SARAH MURRAY, CNN INTERNATIONAL CORRESPONDENT: Sarah Palin is back, center stage and throwing her support behind Donald Trump.


MURRAY: Nearly a decade after the conservative fire brand rallied rocket crowds as John McCain's 2008 running mate Palin is taking on a new mission.

Shoring up Trump against some of his rivals most potent attacks. And Sarah Barracuda came out swinging.

PALIN: Are you ready for a commander-in-chief who will let our warriors do their job and go kick ISIS ass! No more pussy-footin around.

MURRAY: Slamming GOP leaders.

PALIN: (inaudible) wearing this political correctness kind of like a suicide vest.

MURRAY: And reassuring Iowa voters that Trump, a former Democrat, is a true conservative.

PALIN: Oh, my goodness gracious. What the heck would the establishment know about conservatism?

MURRAY: Palin even casting the businessman as a populist who just happens to be a billionaire.

PALIN: Yes, our leader, a little bit different. He's a multibillionaire. Not that there's anything wrong with that. But it's amazing, he is not

elitist at all.

MURRAY: Yesterday Trump pressing pause on his primary battles.

TRUMP: I'm going to be non-confrontational today for a change.

MURRAY: To relish his celebrity endorsement.

TRUMP: This is a woman that from day one, I said if I ever do this, I have to get her support.

MURRAY: As Cruz ended a tough day on the trail. With a double wammy. Losing Palin --

TED CRUZ, REPUBLICAN PRESIDENTIAL CANDIDATE: Regardless of what Sarah decides to do under 2016 I will always remain a big big fan of Sarah Palin.

MURRAY: And facing new attacks in Iowa as governor Terry Branstad, a republican heavyweight said Cruz needs to be defeated.

TERRY BRANSTAD, IOWA GOVERNOR: He hasn't supported renewable fuels and I believe it would be a big mistake for Iowa to support him.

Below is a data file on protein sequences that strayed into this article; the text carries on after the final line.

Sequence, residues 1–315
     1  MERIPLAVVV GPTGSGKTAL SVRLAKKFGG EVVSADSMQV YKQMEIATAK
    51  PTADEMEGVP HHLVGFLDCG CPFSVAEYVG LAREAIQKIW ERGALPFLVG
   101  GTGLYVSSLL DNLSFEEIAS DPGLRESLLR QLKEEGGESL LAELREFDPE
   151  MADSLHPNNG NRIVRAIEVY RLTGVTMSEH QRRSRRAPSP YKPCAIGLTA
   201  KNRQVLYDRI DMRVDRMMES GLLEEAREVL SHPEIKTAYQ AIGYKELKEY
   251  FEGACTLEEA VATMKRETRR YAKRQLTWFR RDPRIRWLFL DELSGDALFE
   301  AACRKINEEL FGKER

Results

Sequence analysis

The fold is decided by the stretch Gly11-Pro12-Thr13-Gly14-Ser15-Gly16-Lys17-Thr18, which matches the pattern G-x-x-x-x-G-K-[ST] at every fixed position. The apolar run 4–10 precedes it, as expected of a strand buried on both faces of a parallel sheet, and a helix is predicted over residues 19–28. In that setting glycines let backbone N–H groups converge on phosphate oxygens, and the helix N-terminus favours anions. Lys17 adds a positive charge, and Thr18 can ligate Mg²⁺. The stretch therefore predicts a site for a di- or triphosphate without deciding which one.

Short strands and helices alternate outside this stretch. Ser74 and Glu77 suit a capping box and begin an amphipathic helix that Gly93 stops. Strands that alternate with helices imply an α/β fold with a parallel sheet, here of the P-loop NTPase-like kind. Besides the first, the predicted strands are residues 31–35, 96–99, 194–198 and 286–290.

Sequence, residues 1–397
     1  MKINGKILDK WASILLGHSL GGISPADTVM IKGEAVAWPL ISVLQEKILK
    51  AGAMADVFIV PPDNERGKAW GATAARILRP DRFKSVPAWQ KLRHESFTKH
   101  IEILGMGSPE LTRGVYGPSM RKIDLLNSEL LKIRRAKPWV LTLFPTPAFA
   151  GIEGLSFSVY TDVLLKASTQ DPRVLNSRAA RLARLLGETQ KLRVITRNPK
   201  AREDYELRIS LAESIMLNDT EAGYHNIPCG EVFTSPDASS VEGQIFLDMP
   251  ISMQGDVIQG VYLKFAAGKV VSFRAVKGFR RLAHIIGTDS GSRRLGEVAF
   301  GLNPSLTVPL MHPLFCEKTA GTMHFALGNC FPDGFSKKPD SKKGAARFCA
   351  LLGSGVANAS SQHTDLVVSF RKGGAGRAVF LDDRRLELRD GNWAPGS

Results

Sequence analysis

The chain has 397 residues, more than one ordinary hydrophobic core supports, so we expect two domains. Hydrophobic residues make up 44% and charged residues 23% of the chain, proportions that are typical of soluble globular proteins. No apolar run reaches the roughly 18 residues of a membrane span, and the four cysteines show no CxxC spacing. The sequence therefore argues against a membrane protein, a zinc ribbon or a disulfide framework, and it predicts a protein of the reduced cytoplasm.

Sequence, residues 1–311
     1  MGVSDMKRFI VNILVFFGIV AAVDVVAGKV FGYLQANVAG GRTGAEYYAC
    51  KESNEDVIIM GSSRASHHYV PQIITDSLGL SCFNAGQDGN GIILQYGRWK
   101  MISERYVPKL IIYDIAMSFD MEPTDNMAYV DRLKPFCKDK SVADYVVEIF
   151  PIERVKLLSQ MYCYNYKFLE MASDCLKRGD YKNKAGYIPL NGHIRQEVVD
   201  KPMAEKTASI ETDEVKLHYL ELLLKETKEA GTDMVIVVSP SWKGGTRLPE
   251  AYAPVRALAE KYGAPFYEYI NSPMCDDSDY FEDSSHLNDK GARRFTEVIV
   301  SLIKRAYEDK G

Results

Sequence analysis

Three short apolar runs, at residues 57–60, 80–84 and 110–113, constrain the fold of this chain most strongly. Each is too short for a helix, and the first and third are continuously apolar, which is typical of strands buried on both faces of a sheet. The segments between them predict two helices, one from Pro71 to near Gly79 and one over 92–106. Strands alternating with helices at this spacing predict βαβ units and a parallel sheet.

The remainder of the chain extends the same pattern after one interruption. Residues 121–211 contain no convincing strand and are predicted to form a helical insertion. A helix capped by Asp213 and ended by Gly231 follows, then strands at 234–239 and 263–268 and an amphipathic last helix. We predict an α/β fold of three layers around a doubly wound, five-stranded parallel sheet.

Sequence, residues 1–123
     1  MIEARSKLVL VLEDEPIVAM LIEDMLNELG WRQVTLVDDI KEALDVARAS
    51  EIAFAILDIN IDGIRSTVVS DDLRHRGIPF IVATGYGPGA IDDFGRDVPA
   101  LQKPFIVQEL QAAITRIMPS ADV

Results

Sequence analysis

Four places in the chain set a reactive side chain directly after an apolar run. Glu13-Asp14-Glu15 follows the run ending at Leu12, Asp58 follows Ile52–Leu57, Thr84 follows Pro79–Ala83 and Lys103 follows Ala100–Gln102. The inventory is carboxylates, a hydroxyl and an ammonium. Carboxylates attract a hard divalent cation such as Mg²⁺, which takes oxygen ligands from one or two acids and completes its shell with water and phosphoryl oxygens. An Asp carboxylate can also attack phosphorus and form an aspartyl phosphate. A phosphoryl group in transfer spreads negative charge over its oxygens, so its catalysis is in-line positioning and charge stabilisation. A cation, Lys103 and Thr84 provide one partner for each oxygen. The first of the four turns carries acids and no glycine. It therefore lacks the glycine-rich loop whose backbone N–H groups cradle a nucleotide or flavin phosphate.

MURRAY: It's a jab Cruz says was to be expected.

CRUZ: Now look, it is no surprise that the establishment is in full panic mode.


GORANI: That was Sarah Murray reporting. Palin first came to the world's attention when she was picked as John McCain's running mate in 2008, here's

a bit of a throwback for you.


PALIN: Are you ready to make John McCain the next President of the United States. Are you ready to send us to Washington to shake things up?


GORANI: Of course it was Barack Obama who won that election. Since then though Palin has remained popular with a part of the Republican base, the

tea party for instance. You have also some Christian conservatives. In the public eye as well, she stayed up there, with some colorful statements.

PALIN: You know, I think we can send a message to say, you want to be in America, A, you better be here legally or you're out of here. B, when

you're here, let's speak American. I mean let's speak English and that's kind of a unifying aspect of a nation is the language that is understood by


Oh, the naive Obama state department. They say we can't kill our way out of war. Really? Tell that to the Nazis. Oh, wait, you can't, because they're

dead. We killed them.


GORANI: Let's head to Washington now for more on what this endorsement could mean. CNN senior political reporter Stephen Collinson is there.

Stephen, What - I suppose my question is, is this -- is this going to help Donald Trump, this Palin endorsement?


STEPHEN COLLINSON, CNN SENIOR POLITICAL REPORTER: I think in some ways it will Hala. You know it's like another twist in this strange reality show

that's become the Republican Presidential race. If you look back to 2008, it was interesting to look at clips, Sarah Palin was almost like Trump

before there was Trump in a political sense. She has a way of connecting viscerally with these conservative crowds.


COLLINSON: She harnesses people's grievances. She give voice to their prejudice in a very divisive extreme way as it would seem to -- especially

outsiders and people outside the United States. But she pioneered that brand of conservatism and campaigning that Donald Trump has taken to a

separate level in this election.